Ironing is the use of a heated tool (an iron) to remove wrinkles from clothes. The heating is commonly done to a temperature of 180–220 °Celsius, depending on the fabric. Ironing works by loosening the bonds between the long-chain polymer molecules in the fibres of the cloth. The fibres are straightened by the weight of the iron while the molecules are hot, and they hold their new shape as they cool.
Some fabrics, such as cotton, require the addition of water to loosen the intermolecular bonds. Many modern fabrics (developed in or after the mid-twentieth century) are advertised as needing little or no ironing. Permanent press clothing was developed to reduce the ironing necessary by combining wrinkle-resistant polyester with cotton.
Electric Iron Box
The electric iron was invented in 1882, by Henry W. Seeley. Seeley patented his “electric flatiron” on June 6, 1882 (U.S. Patent no. 259,054). It weighed almost 15 pounds and took a long time to heat. The early electric irons had no easy way to control their temperature, and the first thermostatically controlled electric iron appeared in the 1920s. Later, steam was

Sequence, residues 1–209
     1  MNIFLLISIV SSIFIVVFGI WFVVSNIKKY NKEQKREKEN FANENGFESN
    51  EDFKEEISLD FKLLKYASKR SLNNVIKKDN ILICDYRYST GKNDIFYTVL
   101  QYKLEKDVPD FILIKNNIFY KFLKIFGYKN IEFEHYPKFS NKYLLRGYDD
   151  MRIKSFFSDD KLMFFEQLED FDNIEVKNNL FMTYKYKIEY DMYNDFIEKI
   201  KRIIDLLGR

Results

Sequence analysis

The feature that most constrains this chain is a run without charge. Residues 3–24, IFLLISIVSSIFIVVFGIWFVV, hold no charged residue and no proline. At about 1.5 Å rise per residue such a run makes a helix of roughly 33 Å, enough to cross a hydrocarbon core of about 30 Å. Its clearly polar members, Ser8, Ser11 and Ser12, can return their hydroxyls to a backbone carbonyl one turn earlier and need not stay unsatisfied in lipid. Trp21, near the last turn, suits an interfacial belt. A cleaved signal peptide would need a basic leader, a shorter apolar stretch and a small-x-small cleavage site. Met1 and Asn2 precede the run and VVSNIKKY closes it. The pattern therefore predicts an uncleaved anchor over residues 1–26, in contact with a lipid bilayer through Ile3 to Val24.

used to iron clothing.
Iron Box and its parts
Iron Box – Working principle
The basic principle on which the electric iron works is that when a current is passed through a piece of wire, the wire heats up. Nichrome alloy is used in an Electric Iron as a heating Element . It is an alloy of Nickel and Chromium with 80 % Nickel and 20 % Chromium. It has a high melting Point of 1400 degree Celsius. Nichrome is best known for its heat resistance, as well as its resistance to both corrosion and oxidation, the alloy is incredibly useful for a number of applications such as hair dryers, Water heaters and heat guns etc
This heat is distributed to the sole (base) plate of the electric iron through conduction which is pressed against the clothing to make it wrinkle free.
Thermostat made of Bimetallic stirp inside helps it control the temperature of the base plate. Bimetallic strip consists of a strip of brass in contact with a strip of iron. At normal room temperature, the two strips have the same length. However, since brass expands (or contracts) more than iron when its temperature is raised (or cooled), the bimetallic strip will bend one way or another depending on the temperature being above or below room temperature.
Bimetallic Strip – Watch the Fun !!